The roots of this contempt were hundreds of years old. The nation of Israel had divided into two separate kingdoms, the northern and southern. In 722 BC the Assyrians captured the northern kingdom, whose capitol was Samaria. In the book of Kings, we read of the decision by the Assyrians to deport many of the Israelites from the northern kingdom, particularly from its capital Samaria. Many Assyrian and other foreigners settled in Samaria and intermarried with the remaining Jews. The result of these marriages was not only blended nationalities but also blended worship. The region of the northern kingdom, now known as Samaria, was a place that worshiped the true God along with false idols. Because of the mixed marriages and corrupt religion, the Jews from the southern kingdom treated the Samaritans with disgust. For centuries the contempt between Jews and Samaritans had grown.

Jesus had every reason not to talk with this woman, but just as he did with Nicodemus, he begins a conversation with her that penetrates to the root of the issue. He understands her heart. He understands her condition, and she doesn’t. Jesus reached out to the moral Pharisee and the immoral Samaritan. Both of them were in desperate need of salvation from sin—a salvation that could only come through Jesus.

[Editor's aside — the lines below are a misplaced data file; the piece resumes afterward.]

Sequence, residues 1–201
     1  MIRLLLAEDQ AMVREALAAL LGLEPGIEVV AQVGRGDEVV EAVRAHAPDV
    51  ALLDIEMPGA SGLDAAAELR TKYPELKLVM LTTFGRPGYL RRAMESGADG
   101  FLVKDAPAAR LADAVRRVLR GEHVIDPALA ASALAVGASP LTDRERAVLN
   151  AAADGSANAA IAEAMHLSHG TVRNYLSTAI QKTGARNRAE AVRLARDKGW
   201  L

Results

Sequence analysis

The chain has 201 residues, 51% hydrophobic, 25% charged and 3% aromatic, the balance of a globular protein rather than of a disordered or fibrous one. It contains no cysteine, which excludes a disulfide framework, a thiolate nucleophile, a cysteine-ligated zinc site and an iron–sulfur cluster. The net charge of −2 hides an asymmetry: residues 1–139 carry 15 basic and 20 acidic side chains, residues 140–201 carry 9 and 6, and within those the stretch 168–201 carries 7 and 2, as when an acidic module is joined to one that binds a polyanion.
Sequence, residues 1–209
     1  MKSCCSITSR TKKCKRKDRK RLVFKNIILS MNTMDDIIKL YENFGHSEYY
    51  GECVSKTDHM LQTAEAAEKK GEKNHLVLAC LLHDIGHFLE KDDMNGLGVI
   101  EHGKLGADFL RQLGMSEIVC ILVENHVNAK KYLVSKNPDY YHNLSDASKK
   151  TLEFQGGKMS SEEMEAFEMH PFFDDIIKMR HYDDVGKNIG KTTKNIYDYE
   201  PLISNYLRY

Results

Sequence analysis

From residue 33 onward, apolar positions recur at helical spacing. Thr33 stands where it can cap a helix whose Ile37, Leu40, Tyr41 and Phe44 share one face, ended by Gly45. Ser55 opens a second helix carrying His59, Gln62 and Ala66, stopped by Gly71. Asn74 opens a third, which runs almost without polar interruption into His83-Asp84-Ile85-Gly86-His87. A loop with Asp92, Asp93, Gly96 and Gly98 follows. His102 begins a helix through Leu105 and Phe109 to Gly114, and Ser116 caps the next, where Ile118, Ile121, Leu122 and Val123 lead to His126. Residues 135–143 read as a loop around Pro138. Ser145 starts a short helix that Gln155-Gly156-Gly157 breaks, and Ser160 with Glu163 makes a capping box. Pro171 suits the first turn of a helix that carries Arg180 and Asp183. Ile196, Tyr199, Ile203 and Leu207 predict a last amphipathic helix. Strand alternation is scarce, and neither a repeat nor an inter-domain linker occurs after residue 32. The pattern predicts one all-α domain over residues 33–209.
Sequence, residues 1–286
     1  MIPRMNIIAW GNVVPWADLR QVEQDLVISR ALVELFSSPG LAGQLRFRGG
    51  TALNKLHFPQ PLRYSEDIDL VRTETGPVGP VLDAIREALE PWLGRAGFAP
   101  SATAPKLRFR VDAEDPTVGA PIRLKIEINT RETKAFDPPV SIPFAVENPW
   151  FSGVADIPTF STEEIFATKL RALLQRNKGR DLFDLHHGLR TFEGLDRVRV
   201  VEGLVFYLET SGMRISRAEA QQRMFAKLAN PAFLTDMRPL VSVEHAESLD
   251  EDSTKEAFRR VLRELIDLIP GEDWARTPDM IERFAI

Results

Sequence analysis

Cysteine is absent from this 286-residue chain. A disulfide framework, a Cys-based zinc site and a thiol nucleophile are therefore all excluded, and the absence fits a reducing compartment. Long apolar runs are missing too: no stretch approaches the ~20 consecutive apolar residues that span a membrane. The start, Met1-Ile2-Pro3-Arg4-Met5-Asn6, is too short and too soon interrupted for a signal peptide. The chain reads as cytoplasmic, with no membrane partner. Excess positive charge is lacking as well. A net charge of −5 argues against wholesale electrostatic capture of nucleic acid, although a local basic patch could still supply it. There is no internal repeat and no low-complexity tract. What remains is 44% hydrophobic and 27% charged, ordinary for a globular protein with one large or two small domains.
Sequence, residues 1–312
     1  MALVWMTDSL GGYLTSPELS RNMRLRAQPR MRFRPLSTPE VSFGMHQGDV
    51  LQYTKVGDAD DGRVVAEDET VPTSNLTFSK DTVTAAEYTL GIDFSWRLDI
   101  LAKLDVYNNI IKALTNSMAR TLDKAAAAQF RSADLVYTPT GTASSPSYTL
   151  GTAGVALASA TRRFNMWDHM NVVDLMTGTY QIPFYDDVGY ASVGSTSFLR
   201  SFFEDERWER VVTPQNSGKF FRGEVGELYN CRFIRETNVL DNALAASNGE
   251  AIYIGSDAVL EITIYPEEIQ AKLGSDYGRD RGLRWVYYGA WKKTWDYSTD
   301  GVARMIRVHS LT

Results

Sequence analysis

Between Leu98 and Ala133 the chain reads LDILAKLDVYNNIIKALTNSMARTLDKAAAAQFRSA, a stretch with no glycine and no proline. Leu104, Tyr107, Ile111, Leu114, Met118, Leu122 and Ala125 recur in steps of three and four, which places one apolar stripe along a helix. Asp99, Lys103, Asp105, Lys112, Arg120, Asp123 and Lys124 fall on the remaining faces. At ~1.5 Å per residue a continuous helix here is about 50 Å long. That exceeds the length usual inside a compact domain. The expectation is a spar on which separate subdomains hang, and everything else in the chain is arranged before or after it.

We see this same pattern in a famous story Jesus told about two brothers (Luke 15). One brother—the younger one—was like the Samaritan woman. He selfishly left his family to go party with his friends. He lived a lifestyle of drunkenness and immorality. He was a rebel, looking for love in all the wrong places. The older brother was moral and religious like Nicodemus. He had a high opinion of himself. He was arrogant (though that was probably hidden under the guise of humility). He was self-righteous and blind to his own sin. He looked down on other people, especially his younger brother. Though he kept all the rules and lived morally, he was miserable and unhappy. Both brothers—just like the Samaritan woman and the Jewish leader—desperately needed Jesus to rescue them.